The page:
Frances Kelly Blomeyer Chair in Cancer Research
Emory University School of Medicine
Professor, Hematology/Oncology & Otolaryngology
Emory University School of Medicine
Head and Neck SPORE Program
Georgia Cancer Coalition
Dr. Dong Moon Shin is the Frances Kelly Blomeyer Distinguished Endowed Chair in Cancer Research, Professor of Hematology/Medical Oncology, Professor of Otolaryngology, Director of the Head and Neck Cancer SPORE Program, Georgia Cancer Coalition Distinguished Scholar at the Winship Cancer Institute at Emory University. Dr. Shin has a highly successful scholar and research track record as a head and neck cancer investigator. He is a well established international and national recognized investigator in head and neck cancer research related to biology, biomarkers, chemoprevention, biochemoprevention, nanotherapeutics and molecularly-based innovative new therapy. He has extensive administrative experience as Director of the Clinical and Translational Cancer Prevention Program, Director of the NCI Sponsored Head and Neck Cancer SPORE Program and formerly as the Associate Director of Academic Development at the Winship Cancer Institute of Emory University.
Dr. Shin joined Emory University and the Winship Cancer Institute in 2003, as Professor of Hematology and Oncology and Otolaryngology. He has played a major leadership role in several areas: including the Eastern Cooperative Oncology Group, American Society of Clinical Oncology, American Association of Cancer Research at the national level in addition to Winship Cancer Institute’s Operations Committee and Associate Director of Academic Development at the Winship Cancer Institute, Emory University. Prior to joining Emory University and the Winship Cancer Institute, Dr. Shin graduated from Yonsei University College of Medicine, Seoul, Korea, completed Residency training in Internal Medicine at Cook County Hospital in Chicago, Illinois and trained in Medical Oncology and Research Fellowship at the University of Texas M. D. Anderson Cancer Center and was appointed as tenured professor at the University of Pittsburgh and MD Anderson Medical Center. Dr. Shin has served on the editorial boards of ten cancer related journals and as a study section member on NCI grant review panels. He has been consecutively selected for Best Doctors in America, Top Doctors in Oncology, selected by Atlanta Magazine, and America’s Top Doctors, selected by Castle Connolly Ltd. for many years. He is a board certified physician by the American Board of Internal Medicine (Specialty) and Medical Oncology (Sub-Specialty).
Dr. Shin’s scientific accomplishments are highlighted by his success in securing and maintaining highly competitive peer-reviewed funding from the NIH, ACS, FDA and other agencies over the last 20 years. His research activities have led to over 200 peer-reviewed publications, more than 40 invited articles and over 260 abstracts, books, book chapters, and monographs on the biology and treatment of head and neck cancer, and other malignancies.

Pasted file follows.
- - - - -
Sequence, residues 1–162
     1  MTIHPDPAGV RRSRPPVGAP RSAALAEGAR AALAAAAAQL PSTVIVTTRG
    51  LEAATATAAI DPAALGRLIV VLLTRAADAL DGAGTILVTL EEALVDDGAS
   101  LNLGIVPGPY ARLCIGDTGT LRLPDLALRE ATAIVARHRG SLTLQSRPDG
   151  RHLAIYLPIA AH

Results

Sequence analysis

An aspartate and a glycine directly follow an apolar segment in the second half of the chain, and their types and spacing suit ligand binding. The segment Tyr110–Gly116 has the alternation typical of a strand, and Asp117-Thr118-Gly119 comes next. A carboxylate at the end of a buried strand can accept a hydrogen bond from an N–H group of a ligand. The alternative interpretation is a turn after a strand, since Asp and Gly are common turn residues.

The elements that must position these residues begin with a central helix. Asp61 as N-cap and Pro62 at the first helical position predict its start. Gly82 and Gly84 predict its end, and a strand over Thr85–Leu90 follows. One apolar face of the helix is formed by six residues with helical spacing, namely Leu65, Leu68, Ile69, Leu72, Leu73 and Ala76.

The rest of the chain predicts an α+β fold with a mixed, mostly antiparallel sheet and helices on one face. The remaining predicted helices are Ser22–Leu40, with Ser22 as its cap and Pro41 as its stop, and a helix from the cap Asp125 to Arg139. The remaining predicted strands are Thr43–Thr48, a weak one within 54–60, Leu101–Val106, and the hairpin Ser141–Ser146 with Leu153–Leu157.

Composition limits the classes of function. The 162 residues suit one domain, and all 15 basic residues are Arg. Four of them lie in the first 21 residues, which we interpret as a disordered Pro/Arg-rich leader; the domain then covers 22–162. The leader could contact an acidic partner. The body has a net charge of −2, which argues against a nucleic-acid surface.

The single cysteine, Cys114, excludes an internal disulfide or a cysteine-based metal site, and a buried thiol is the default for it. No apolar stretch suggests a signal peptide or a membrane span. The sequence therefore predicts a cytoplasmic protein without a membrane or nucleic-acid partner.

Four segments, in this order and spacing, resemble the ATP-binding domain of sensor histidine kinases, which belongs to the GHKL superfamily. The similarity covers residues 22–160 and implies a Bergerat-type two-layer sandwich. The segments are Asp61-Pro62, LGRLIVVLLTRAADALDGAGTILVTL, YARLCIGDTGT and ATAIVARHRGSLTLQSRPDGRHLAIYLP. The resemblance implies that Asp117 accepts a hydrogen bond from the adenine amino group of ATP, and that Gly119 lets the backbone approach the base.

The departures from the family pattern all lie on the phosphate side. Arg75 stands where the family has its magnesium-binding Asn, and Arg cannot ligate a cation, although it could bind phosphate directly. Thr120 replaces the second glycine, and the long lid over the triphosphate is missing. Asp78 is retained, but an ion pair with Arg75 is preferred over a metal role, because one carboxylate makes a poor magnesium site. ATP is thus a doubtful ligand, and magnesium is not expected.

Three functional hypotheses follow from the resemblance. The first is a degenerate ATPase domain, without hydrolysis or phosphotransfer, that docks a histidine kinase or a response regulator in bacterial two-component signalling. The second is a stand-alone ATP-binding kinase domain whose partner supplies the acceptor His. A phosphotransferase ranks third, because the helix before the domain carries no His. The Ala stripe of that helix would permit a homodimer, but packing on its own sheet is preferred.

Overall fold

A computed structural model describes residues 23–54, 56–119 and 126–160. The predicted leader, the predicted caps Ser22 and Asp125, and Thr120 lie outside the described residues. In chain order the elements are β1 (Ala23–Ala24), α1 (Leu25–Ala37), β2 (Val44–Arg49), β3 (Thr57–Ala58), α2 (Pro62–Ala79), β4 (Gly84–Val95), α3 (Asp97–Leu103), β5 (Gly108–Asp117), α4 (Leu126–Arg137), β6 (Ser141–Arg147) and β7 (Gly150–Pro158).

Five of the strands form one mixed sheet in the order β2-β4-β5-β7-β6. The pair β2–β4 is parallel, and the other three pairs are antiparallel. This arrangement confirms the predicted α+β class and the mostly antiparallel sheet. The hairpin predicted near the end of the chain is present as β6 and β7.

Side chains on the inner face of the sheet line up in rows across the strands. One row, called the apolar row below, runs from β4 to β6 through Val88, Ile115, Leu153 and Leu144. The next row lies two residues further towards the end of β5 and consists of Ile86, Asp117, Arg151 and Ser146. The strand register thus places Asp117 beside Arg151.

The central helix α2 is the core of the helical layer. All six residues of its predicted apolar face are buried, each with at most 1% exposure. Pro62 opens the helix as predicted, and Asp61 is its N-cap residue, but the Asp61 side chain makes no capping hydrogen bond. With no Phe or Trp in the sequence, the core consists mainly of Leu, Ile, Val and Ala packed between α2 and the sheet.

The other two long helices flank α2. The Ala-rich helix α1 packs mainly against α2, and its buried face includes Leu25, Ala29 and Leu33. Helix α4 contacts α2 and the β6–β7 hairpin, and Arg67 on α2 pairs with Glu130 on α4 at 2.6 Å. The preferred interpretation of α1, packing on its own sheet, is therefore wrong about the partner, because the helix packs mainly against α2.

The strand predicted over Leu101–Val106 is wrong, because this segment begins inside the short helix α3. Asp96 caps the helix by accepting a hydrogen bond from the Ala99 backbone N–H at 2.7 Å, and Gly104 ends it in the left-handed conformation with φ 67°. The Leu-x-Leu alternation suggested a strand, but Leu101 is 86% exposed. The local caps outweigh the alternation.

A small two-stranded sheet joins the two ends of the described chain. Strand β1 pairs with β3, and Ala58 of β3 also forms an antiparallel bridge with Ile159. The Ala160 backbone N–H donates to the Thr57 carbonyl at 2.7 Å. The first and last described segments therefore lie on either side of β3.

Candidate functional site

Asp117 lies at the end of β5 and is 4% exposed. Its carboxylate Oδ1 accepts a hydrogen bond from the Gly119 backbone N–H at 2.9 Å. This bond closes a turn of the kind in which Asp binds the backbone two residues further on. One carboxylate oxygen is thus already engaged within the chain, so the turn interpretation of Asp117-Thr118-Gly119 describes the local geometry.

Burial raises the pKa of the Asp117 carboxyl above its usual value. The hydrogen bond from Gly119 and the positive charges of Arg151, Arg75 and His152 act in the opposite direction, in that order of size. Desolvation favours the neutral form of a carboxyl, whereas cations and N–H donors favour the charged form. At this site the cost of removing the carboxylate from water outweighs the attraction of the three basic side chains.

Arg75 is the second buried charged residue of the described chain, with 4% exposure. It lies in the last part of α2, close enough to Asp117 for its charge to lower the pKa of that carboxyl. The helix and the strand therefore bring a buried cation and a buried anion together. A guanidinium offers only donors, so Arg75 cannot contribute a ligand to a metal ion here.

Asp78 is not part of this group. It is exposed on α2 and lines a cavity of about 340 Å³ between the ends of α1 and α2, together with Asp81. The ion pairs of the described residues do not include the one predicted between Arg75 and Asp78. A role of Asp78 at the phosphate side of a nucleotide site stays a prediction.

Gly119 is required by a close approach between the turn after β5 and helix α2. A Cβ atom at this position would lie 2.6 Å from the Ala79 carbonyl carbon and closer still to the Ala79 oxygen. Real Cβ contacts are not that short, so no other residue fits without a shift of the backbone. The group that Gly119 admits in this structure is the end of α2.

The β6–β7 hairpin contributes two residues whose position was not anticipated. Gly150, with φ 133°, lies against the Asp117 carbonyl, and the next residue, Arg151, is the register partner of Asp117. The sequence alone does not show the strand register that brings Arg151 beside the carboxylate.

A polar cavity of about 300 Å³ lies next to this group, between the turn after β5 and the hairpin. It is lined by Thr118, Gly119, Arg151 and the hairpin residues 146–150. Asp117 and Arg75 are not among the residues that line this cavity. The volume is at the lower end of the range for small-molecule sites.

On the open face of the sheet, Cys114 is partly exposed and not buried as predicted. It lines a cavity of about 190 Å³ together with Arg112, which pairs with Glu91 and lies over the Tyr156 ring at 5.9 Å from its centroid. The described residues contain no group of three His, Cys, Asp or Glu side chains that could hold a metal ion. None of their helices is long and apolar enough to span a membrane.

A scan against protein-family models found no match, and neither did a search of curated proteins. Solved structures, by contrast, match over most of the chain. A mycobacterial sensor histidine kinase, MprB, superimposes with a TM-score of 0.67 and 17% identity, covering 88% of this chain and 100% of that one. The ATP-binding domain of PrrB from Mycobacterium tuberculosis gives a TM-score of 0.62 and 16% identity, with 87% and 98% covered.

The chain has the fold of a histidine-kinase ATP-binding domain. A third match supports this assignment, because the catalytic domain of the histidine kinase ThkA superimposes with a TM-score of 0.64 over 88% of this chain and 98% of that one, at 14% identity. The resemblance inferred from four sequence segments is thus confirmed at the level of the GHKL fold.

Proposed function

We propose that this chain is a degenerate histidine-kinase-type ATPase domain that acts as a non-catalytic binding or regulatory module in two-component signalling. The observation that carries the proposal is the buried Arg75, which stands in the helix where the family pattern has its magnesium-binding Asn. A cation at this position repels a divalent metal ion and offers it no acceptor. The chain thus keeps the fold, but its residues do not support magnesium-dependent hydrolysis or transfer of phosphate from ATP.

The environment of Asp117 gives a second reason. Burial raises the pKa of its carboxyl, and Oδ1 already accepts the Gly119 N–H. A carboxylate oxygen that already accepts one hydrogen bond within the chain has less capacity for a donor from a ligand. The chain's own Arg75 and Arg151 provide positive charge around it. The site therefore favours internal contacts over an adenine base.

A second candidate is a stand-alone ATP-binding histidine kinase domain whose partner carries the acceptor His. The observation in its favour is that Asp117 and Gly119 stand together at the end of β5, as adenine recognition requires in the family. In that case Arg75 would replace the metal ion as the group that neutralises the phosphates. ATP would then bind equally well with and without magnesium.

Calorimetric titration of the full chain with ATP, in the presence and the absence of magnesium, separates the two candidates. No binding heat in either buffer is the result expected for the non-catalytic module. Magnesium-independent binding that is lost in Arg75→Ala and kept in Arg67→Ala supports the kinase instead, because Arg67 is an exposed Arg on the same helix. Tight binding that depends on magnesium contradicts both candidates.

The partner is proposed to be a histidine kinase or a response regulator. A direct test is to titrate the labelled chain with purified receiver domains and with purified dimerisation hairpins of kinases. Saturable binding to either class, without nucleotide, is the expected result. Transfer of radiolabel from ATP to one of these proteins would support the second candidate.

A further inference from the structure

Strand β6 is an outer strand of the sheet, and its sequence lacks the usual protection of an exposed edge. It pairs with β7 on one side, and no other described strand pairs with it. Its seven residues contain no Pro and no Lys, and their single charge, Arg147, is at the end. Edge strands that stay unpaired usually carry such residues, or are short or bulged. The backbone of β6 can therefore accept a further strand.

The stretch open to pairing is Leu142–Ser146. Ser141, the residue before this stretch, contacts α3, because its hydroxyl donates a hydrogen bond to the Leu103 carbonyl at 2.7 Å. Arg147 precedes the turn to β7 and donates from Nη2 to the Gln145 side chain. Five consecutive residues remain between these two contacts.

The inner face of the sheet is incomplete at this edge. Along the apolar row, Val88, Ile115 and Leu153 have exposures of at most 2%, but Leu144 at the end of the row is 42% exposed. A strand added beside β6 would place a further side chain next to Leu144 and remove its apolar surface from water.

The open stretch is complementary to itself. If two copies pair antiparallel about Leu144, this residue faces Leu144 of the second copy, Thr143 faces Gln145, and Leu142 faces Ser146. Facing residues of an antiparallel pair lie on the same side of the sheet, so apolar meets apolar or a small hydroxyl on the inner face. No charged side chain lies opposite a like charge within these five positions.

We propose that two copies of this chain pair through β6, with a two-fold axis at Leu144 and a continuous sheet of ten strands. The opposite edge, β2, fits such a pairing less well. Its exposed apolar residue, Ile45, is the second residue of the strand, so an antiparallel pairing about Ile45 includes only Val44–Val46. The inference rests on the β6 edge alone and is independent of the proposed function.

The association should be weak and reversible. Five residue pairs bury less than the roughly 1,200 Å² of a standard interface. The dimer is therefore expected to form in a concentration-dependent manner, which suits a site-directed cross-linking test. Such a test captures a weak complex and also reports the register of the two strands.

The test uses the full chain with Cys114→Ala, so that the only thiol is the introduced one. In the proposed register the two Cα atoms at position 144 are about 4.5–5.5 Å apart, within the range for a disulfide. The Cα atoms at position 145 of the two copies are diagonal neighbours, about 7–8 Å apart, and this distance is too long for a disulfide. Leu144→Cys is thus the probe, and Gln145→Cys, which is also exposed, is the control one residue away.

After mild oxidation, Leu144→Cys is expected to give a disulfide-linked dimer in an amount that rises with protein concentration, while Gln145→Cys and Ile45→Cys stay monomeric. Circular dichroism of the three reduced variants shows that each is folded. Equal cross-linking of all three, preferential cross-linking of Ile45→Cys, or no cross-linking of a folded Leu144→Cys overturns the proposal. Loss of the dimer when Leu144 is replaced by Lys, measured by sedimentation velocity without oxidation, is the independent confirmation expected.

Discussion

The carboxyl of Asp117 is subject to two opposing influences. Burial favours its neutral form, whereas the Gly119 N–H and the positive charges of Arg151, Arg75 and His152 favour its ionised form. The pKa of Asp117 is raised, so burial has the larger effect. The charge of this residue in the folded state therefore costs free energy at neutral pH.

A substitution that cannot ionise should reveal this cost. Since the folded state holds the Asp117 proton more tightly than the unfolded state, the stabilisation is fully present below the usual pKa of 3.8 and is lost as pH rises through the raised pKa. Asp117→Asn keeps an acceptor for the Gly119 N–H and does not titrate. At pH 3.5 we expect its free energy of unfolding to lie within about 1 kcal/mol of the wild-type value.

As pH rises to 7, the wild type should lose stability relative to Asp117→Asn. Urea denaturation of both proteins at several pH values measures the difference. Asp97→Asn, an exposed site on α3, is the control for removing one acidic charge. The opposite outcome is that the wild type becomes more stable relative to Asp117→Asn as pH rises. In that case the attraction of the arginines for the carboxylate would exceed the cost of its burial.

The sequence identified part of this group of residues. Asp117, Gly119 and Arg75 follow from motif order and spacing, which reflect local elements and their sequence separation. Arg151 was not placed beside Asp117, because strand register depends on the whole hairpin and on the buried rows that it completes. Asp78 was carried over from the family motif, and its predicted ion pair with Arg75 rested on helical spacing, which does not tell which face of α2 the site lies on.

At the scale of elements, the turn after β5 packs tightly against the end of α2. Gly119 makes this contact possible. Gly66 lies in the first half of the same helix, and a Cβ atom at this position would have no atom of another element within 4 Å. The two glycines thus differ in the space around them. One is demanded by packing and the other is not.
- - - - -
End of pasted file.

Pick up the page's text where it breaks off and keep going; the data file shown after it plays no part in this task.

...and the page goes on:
Dr. Shin’s research initially focused on demonstrating the phenomenon of field cancerization and the multistep carcinogenesis process using animal models and analyzing tissue samples from different sites in the aerodigestive tract and premalignant lesions of patients with head and neck cancer. Dr. Shin investigated the chemopreventive efficiency of retinoids in head and neck cancer in preclinical and clinical settings. These compounds, in particular, 13-cRA demonstrated early promise in several prospective double blind, placebo-controlled randomized trials in reversing oral premalignancy and preventing second primary tumors. The long term follow-up of these studies showed only a marginal protective effect, and the use of high doses of 13-cRA was limited by toxicity. To overcome retinoid resistance in the chemopreventive setting, Dr. Shin and his colleagues initiated a combination of 13-cRA, interferon-α, and α-tocopherol in advanced premalignant lesions and in bioadjuvant therapy for advanced head and neck cancer. The results of these studies were highly promising and drew considerable national attention from head and neck cancer researchers. Currently Dr. Shin is continuously focused on biomarker-driven preclinical and clinical chemopreventive studies using synthetic compounds (i.e., EGFR-TKIs, COX inhibitors) and natural compounds, such as green tea polyphenons, luteolin, resveratrol, curcumin and others. Dr. Shin has also focused on anticancer drug delivery using nanotechnology in collaboration with other investigators. Some of the compounds explored will be taken into clinical trials.
Another area of interest includes the study of biomarkers, particularly by using nanotechnology to detect circulating tumor cells in cancer patients. Some of the techniques using gold nanoparticle surface-enhanced raman spectroscopy are highly promising to advance diagnostics and monitor anticancer treatment effects.
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